Of course, since you can’t shoot the other end of the rink, it always seems like all the action happens down at the other goal. Sigh. Well, there’s only one way to get better, and that’s keep on trying. I shoot the Bolts again on Saturday night. I may even shoot some of the players when they’re moving. Hey, ya never know. ;-)

(Above: It’s like these guys follow me from sport to sport to make certain I have more shots of them, than of the athletes themselves. This just reeks of a carefully orchestrated worldwide conspiracy by a secret cartel of referees).  

P.S. The Lightning beat San Jose 6 – 5 in Overtime. Go Bolts!!! :)


Tomorrow is the LAST DAY TO SAVE $100 on Photoshop World Washington DC registration! The conference is March 24-26, which is just around the corner.

Don’t wait around and spend more money next week. You can put that $100 toward collecting snow globes with all the monuments and government buildings!

While you’re at registering, go ahead and book your hotel room as well! The travel page has direct links to hotel websites that automatically apply the Photoshop World discounted room rate, so make sure you take advantage of those links.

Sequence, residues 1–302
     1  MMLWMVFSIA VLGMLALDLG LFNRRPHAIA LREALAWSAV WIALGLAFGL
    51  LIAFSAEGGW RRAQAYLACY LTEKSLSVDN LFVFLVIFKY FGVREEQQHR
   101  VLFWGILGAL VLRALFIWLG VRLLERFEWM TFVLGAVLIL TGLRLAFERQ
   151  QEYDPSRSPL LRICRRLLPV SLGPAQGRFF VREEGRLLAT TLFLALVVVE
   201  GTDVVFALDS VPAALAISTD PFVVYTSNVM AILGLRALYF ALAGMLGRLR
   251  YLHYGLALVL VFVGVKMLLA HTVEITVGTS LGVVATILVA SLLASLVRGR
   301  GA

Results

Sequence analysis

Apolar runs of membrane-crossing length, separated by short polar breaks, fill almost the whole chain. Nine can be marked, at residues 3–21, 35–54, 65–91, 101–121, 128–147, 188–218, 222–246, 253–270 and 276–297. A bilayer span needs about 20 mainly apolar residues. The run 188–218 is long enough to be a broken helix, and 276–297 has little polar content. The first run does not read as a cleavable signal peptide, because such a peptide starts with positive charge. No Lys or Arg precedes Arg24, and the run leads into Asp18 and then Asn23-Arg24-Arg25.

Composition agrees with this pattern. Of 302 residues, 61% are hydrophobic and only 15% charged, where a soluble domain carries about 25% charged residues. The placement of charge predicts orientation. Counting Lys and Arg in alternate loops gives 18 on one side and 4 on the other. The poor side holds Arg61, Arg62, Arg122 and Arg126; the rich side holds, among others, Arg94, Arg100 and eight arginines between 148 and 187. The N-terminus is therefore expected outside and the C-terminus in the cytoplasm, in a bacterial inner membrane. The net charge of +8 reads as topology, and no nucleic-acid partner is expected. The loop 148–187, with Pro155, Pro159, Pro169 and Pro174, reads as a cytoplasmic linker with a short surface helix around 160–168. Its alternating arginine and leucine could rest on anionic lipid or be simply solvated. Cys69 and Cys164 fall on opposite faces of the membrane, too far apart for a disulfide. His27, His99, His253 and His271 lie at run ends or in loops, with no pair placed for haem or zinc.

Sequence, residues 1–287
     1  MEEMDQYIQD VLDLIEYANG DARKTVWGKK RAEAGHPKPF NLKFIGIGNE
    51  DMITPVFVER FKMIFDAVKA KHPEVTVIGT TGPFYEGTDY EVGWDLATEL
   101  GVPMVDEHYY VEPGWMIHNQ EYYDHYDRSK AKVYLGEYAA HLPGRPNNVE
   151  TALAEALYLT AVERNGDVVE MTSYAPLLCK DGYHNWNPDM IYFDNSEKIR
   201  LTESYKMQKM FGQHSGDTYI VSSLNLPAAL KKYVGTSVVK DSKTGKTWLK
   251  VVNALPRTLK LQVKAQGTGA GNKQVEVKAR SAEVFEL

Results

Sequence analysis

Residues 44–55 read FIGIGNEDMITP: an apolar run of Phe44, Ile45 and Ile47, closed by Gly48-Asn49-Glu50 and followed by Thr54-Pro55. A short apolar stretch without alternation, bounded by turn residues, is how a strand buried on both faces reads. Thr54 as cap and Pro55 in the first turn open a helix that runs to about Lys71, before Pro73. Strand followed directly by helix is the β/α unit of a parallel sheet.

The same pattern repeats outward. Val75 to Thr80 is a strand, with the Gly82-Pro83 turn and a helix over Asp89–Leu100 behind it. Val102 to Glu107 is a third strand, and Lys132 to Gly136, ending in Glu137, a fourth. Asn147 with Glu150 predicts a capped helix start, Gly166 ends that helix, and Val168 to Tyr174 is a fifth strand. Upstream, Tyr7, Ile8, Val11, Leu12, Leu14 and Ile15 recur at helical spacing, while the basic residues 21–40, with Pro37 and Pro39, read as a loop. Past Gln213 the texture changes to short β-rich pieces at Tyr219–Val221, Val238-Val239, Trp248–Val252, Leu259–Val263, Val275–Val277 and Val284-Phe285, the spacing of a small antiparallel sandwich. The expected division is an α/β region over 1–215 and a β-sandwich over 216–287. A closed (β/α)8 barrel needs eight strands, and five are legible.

Man do we have lots of great stuff to give away today!

A Day With Jay Maisel DVD – Win It Before You Can Buy It!
Legendary photographer Jay Maisel has a new DVD entitled A Day With Jay Maisel – Two Part Series that’s due out on February 20th, but we’re friends with Jay so we have the early hook up.  In this DVD, you’ll join Jay Maisel and Scott Kelby on a walking tour of Jay’s favorite places to shoot in New York City. They walk the bustling streets of the Big Apple – talking about theory, technique, and the art of finding photographs among the faces and architecture they find along the way.

Leave a comment to enter and we’ll draw 2 lucky winners next Wednesday. As always, if you don’t win it you can buy it at — just $89.99 for the set (or $69.99 if you’re a NAPP member).

$14 Off Bundles
Also – only 2 more weeks to save $14 on all Bundles at Check out the sale page and get some amazing training packages at a great price!
We’ve added some great new classes to the library in the past few weeks! Check these out:

Photoshop CS5 Finishing Touches for Photographers with Dave Cross